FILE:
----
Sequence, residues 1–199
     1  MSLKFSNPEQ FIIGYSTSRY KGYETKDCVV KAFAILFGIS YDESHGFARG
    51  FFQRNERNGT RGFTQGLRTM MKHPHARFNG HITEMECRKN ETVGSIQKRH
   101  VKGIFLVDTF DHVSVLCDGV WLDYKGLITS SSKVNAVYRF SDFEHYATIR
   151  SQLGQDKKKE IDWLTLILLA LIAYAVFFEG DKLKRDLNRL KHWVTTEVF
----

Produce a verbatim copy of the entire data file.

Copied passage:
Sequence, residues 1–199
     1  MSLKFSNPEQ FIIGYSTSRY KGYETKDCVV KAFAILFGIS YDESHGFARG
    51  FFQRNERNGT RGFTQGLRTM MKHPHARFNG HITEMECRKN ETVGSIQKRH
   101  VKGIFLVDTF DHVSVLCDGV WLDYKGLITS SSKVNAVYRF SDFEHYATIR
   151  SQLGQDKKKE IDWLTLILLA LIAYAVFFEG DKLKRDLNRL KHWVTTEVF